Everyone agrees that the convention speech was the important speech of Mitt’s life, yet Stevens decided not to use the campaign’s speechwriters, but to have Peter Wehner write it.  Fine, except that Stevens decided not to use any of Wehner’s draft, which at least talked about Afghanistan.  A week before the convention, when Mitt should have been practicing the thing, Stevens told John McConnell and Matthew Scully, who were writing Paul Ryan’s speech, to hurry up and finish, so they could write Mitt’s speech.  They too wrote a speech for Mitt, which Stevens ignored, except for the part about Mitt’s father bringing his mother a rose every morning.  With just a few days to go, Stuart Stevens and Mitt wrote the speech.  In their rush, they forgot to mention Al Qaeda or Afghanistan or thank our troops.

I encourage you to read the whole Politico piece, but here are some excerpts:

“To pin recent stumbles on Stevens would be to overlook Romney’s role in all this.  As the man atop the enterprise — in effect, the CEO of a $1 billion start-up — Romney ultimately bears responsibility for the decisions he personally oversaw, such as the muffling of running mate Paul Ryan’s strict budget message and his own convention performance.

“In what many in the campaign now consider a fundamental design flaw, Stevens is doing three major jobs:  chief strategist, chief ad make and chief speechwriter.

“Stevens enjoys little of the internal affection that surrounded the brain trusts of the Bush and Obama campaigns. ‘I always have the impression Stuart must save his best stuff for meetings I’m not important enough to attend,’ said one Romney campaign insider.  ‘The campaign is filled with people who spend a lot of their time either avoiding him or resisting him.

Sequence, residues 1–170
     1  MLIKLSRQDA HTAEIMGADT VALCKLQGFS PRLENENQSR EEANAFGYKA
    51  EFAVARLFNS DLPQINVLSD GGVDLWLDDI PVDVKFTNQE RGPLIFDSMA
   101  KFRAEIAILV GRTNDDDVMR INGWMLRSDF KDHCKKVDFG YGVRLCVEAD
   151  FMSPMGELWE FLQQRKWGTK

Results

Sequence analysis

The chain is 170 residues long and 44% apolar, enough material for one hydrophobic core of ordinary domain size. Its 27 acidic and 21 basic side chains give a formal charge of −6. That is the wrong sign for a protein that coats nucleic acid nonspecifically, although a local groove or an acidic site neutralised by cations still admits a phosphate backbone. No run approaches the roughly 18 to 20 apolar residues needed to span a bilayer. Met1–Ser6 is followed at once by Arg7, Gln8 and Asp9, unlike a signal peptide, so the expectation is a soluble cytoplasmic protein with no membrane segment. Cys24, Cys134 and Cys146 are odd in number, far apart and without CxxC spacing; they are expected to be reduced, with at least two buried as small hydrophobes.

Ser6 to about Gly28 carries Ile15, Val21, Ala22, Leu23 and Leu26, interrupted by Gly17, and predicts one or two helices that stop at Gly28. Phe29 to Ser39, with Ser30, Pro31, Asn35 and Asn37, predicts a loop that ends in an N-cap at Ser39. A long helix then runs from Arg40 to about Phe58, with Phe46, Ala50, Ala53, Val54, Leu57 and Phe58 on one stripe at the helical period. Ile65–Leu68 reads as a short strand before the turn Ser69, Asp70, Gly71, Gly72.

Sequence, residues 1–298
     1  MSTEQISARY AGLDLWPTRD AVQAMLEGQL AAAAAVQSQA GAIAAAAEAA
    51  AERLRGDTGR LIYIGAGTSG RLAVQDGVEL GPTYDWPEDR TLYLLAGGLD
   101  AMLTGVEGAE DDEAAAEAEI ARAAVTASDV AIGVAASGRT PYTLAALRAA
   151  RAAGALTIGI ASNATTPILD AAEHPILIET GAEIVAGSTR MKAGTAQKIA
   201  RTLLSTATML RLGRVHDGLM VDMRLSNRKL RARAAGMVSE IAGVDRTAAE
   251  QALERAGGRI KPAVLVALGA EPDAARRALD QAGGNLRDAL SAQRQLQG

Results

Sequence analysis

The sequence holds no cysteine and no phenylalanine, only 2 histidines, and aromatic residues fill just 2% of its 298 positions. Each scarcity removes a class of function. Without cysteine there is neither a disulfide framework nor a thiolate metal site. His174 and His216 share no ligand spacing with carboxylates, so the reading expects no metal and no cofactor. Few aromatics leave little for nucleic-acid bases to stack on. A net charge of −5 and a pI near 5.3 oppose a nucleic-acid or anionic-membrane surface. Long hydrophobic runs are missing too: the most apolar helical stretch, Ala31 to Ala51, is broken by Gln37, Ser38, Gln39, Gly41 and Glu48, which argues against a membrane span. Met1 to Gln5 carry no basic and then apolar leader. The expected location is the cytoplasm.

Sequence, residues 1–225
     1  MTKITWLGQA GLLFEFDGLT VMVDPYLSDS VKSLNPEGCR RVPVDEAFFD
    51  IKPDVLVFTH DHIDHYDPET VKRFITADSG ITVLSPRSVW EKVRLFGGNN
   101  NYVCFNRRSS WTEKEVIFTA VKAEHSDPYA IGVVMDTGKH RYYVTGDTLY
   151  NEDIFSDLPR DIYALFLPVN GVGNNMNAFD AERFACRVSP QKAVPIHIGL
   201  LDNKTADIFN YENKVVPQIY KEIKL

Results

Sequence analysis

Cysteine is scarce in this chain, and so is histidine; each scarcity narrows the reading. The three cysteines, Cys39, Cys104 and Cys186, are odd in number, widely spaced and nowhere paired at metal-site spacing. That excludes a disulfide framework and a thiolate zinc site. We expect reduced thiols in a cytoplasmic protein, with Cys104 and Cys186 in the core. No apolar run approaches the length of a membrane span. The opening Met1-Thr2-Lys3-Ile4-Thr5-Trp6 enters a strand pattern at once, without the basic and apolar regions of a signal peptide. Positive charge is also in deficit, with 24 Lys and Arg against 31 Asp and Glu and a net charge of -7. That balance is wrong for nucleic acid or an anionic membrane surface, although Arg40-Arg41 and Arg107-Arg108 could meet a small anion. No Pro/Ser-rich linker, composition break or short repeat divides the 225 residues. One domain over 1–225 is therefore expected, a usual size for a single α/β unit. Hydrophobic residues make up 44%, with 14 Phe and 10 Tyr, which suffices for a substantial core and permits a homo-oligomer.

“A mad-professor aura, combined with post-midnight calls to sleeping senior staffers, have led some colleagues to express increasing concern about what the campaign is doing to Stevens — and what Stevens is doing to the campaign.

But whatever Stevens’s shortcomings, presidential candidates get the campaigns they want.  And Romney…has take a very active role running his own campaign.

“In a way, that’s the problem.  Romney associates are baffled that such a successful corporate leader has created a team with so few lines of authority or accountability.

Romney has allowed seven distinct power centers to flourish inside his campaign, with the strategy pod, headed by Stevens and [Russ] Schriefer, handling the most essential ingredient — the candidate’s public message and image.

“Then there is the conventional staff, led by campaign manager Matt Rhoades, who functions as an air-traffic controller.  For months, Republicans inside and out of the campaign have said the structure is problematic.  Rhoades, for instance, is as disciplined and methodical as Stevens is improvisational and disorganized.